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Alberta

Alberta government to cut up to 11,000 health-care jobs

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EDMONTON — The Alberta government says it is cutting up to 11,000 jobs at Alberta Health Services to save money.

Health Minister Tyler Shandro made the announcement Tuesday at a news conference in Edmonton.

He said nurses and front-line workers will not lose their jobs during the COVID-19 pandemic.

Some of the cuts will come from further contracting out of laundry and lab services, with possibly housekeeping and food services also being outsourced in the future, he said.

A minimum of 100 management position will also be eliminated and there will be a review of senior executives before the end of the fiscal year.

The government estimates move will save up to $600 million a year.

“Given the circumstances that Alberta faces, this approach strikes the right balance between the two unprecedented challenges we face as a province — on one hand the response to the pandemic, and on the other hand the fiscal responsibility we face as Albertans.”

Shandro said that every dollar saved will be reinvested in patient care to improve the health-care system for future generations.

Dr. Verna Yiu, president of AHS, said the pandemic is the single-greatest public health challenge the agency has ever faced.

“The pandemic is not over. It is far from over,” she told the news conference.

“We must also continue to evolve the health-care system so that it is financially stable now and into the future.”

This report by The Canadian Press was first published Oct. 13, 2020.

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Alberta

Markets expected to take measure of Cenovus-Husky deal as earnings season begins

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Calgary oilpatch investors are expected to take stock of a mega-merger between oilsands heavyweights Cenovus Energy Inc. and Husky Energy Inc. as stock markets open this morning.

The surprise deal announced Sunday will see Husky shareholders receive 0.7845 of a Cenovus share plus 0.0651 of a Cenovus share purchase warrant in exchange for each Husky common share.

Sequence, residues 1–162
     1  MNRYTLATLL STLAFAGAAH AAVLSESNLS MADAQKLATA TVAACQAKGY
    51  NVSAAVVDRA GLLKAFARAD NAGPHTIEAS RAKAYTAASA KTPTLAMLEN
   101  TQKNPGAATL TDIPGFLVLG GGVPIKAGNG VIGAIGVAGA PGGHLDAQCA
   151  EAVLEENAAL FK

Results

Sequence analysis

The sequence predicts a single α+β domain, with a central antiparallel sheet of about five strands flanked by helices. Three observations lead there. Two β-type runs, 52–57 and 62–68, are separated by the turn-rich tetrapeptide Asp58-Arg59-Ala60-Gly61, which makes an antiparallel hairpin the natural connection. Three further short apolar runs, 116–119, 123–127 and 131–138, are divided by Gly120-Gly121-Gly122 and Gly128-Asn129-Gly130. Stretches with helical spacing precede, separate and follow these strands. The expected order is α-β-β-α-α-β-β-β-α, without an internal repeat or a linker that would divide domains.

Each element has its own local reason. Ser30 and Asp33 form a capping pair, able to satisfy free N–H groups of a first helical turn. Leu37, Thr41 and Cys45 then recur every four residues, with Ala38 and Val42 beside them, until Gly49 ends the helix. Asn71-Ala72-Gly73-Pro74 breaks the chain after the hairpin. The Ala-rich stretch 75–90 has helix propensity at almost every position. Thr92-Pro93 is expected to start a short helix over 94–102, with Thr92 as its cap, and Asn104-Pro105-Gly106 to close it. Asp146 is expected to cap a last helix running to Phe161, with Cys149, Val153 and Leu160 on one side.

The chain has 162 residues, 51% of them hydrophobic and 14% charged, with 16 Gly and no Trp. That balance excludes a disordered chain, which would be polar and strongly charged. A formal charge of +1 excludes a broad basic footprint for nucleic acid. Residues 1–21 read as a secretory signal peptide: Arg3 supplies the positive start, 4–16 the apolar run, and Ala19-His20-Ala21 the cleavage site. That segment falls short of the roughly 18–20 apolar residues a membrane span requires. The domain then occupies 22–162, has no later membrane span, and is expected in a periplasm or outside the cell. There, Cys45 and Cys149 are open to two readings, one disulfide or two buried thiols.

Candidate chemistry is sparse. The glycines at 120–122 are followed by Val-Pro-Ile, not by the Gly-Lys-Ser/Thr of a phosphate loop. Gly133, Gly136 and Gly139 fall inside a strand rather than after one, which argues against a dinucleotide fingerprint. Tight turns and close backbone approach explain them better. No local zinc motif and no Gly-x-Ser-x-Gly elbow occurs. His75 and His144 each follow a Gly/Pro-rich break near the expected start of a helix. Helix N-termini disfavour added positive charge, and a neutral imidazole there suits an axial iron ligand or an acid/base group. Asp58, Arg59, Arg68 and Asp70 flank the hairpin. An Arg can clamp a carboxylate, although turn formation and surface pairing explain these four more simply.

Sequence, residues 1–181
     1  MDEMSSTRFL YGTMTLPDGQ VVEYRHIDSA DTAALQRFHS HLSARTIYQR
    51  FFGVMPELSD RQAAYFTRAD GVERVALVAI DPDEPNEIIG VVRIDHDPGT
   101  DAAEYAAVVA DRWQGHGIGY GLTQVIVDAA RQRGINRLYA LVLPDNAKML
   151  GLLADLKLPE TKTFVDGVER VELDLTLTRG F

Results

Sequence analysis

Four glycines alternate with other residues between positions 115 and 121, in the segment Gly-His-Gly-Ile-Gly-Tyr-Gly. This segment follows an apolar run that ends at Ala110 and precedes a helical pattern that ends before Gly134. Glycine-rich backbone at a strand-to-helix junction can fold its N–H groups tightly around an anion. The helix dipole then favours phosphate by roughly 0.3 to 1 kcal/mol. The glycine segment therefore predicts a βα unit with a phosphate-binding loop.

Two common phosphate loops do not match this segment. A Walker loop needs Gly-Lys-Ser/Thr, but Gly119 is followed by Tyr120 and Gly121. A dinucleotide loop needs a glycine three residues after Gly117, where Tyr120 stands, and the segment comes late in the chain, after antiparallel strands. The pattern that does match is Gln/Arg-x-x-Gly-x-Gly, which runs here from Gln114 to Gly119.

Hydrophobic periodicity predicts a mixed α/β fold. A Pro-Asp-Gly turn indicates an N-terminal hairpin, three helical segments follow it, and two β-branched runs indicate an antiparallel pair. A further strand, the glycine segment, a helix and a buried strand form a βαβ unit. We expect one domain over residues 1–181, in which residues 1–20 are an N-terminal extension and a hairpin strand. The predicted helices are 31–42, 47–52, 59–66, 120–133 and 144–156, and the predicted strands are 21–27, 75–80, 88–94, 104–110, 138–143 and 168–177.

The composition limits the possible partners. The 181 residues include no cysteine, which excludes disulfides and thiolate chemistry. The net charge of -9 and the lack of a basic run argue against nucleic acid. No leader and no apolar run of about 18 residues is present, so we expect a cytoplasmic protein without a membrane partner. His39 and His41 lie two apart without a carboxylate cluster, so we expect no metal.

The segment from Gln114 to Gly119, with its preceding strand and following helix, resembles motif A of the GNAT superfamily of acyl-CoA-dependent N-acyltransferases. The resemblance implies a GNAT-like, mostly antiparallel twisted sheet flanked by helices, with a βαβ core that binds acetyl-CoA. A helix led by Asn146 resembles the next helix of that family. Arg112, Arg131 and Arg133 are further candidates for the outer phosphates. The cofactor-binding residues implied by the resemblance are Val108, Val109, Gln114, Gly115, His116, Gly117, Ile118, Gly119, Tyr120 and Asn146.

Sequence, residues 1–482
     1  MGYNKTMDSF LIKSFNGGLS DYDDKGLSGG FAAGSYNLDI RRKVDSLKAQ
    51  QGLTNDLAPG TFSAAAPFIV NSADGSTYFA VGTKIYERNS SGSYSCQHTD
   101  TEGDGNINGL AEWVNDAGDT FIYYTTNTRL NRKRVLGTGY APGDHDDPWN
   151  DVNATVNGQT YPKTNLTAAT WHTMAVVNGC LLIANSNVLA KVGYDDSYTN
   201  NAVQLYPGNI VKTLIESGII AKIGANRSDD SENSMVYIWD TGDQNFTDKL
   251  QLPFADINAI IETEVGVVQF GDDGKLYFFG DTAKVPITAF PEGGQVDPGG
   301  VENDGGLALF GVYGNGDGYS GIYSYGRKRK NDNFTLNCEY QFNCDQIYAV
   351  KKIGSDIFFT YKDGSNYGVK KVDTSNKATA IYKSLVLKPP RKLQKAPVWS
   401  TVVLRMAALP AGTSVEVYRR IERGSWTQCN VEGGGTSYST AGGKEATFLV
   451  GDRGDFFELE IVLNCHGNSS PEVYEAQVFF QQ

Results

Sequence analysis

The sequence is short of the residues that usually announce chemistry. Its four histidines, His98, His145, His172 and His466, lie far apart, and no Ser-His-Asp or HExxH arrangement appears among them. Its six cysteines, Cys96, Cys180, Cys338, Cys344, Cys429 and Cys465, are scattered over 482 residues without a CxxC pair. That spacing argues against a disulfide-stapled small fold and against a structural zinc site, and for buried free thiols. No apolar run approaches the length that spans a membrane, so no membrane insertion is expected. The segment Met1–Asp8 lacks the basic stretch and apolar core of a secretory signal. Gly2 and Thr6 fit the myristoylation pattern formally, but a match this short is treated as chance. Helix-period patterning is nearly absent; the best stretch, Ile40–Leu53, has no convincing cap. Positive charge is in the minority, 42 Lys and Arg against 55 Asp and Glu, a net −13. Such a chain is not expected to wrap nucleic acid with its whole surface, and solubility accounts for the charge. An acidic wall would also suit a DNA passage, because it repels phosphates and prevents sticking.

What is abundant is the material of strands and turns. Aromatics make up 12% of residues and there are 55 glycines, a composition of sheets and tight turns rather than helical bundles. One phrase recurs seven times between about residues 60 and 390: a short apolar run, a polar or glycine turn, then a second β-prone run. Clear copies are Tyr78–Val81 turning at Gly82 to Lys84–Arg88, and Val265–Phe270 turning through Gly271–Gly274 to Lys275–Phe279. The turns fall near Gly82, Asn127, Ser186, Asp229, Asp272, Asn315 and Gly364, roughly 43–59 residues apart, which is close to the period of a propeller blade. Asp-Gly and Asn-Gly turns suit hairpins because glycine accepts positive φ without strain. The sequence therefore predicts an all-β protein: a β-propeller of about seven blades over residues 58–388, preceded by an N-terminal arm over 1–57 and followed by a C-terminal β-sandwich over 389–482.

The companies say the price, which values Husky at $3.8 billion, represents a 21 per cent premium, excluding warrants, to Husky’s five-day volume-weighted average price per share on Friday, but Cenovus CEO Alex Pourbaix said Sunday that’s more a result of recent stock market volatility than intent.

Cenovus shareholders would own about 61 per cent of the combined company and Husky shareholders about 39 per cent. 

The transaction must be approved by at least two-thirds of Husky’s shareholders but Hong Kong billionaire Li Ka-Shing  controls 70 per cent of Husky’s shares and has agreed to vote them in favour of the deal.

Sunday’s announcement comes just as Calgary’s oilsands companies are about to start rolling out third-quarter financial results, with Suncor Energy Inc. set to report Wednesday and both Cenovus and Husky scheduled to report on Thursday.

This report by The Canadian Press was first published Oct. 26, 2020.

Companies in this story: (TSX:CVE, TSX:HSE, TSX:SU)

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Alberta

Watchdog agency asked to look into man’s death following arrest at LRT station

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CALGARY — Alberta’s police oversight agency has been asked to investigate a death that police say happened after a suspect was arrested at a light-rail train station.

Calgary police say in a news release that they were called to the Marlborough CTrain station on Friday for reports of a man in possession of an airsoft gun.

They the man was cooperative when police arrived and they took him into custody without incident, and they say the arrest was captured on a body-worn camera.

He was charged with breach-related offences, police say, and was transported to Spyhill Services Centre where they say he was cleared by a medic and placed in a holding cell.

Police say that during a routine check of the cells at 8 p.m. the man was eating his meal, but at the next check he was found unresponsive.

They say that despite “significant lifesaving efforts” he was pronounced dead at approximately 8:40 p.m.

“We have recently undergone significant work to ensure that our standards are in line with current best practices for in-custody care,” police said in the news release.

“However out of an abundance of caution, we will be reviewing this incident to inform our procedures.”

Police said that as is standard practice with a death in custody, the Director of Law Enforcement was notified and has directed the oversight body, the Alberta Serious Incident Response Team, to investigate.

Calgary police said in the release that it “has extensive systems and protocols already in place to ensure the care of arrestees, including medical clearance checks for every arrestee prior to being admitted into a cell, searches of individuals before being taken into custody, CCTV systems to monitor people in custody and regular cell checks.”

Police said that since it’s now an active investigation by the watchdog agency, it won’t release further details.

This report by The Canadian Press was first published Oct. 25, 2020.

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